Meltdown Key Idea #5: Introducing a gold standard and encouraging deflation may be the best ways to avoid future crises.

At this point it’s clear that a government’s ability to print as much money as it wants leads to economic crises and poor investments. We need an alternative. But what exactly would that be?

Money that’s connected to a commodity standard is a great way to limit government interference in the economy. That’s because, unlike paper money which can be printed endlessly, a commodity standard is tied to a supply of material like gold, which can only increase as more is discovered.

But don’t worry, this doesn’t mean you’ll have to walk around with a bag full of gold to buy your groceries! A paper substitute could be linked to the value of gold, and people could exchange paper money for gold at any time.

The government is naturally against such an initiative because, without the ability to print more paper money, it would need to use borrowing or tax changes to affect the economy. And it would be a lot easier for the public to protest such actions than remain perpetually in the dark, considering the secretive inflationary policies currently used by the government.

But that’s not the only reason such a system would be beneficial. Another reason is that while inflation is bad for the economy, deflation can be good for it. That’s because inflation is an increase in the money supply while deflation – the opposite – means lower consumer prices.

Some critics of a gold-based commodity standard say that having such a system would cause deflation, since the supply of consumer goods would consistently outpace that of gold. These critics maintain that falling prices would cause an economic crisis.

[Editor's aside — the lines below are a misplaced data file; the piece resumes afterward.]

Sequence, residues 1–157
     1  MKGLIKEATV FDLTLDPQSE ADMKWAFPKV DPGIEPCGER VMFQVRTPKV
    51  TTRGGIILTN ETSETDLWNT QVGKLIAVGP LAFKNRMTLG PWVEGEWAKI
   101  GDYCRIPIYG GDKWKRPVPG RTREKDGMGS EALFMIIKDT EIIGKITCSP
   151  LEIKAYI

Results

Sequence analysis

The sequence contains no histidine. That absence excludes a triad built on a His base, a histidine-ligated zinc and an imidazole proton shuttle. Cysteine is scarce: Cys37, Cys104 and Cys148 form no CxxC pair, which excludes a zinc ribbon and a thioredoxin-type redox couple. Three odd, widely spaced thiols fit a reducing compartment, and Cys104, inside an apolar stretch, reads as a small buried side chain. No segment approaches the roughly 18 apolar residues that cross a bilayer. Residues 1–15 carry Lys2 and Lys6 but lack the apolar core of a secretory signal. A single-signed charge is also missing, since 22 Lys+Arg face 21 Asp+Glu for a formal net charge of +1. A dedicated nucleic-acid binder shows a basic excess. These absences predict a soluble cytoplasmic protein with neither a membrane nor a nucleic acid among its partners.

However, a 2004 study revealed that 90 percent of deflationary periods in the last 100 years (barring those that occurred during the Great Depression) did not in fact lead to economic depression. Deflation is, after all, a natural process in any growing capitalist economy.

Consider the technology market. While the quality-adjusted price of computers fell by 90 percent from 1980 to 1999, manufacturers were shipping out nearly 100 times more units by the end of that same period. This single example offers proof that deflation can also be good for both consumers and producers.

In Review: Meltdown Book Summary

The key message in this book:

While the mainstream media maintains that rampant capitalism caused the 2008 financial crisis, the federal government is actually to blame. That’s because by depressing interest rates and fostering economic bubbles, the government caused the near disintegration of the US economy.  

Actionable advice:

Lobby the government to stop its endless spending!

When the government spends more money than it collects in taxes, where does the remainder come from? From debts that cause interest rates to rise. So when the government spends too much, it has to borrow money and then push down interest rates by pouring money into the economy, thereby devaluing the dollar and prompting an economic crisis. Thus cutting government spending is necessary – and as citizens, we need to tell the government to do so.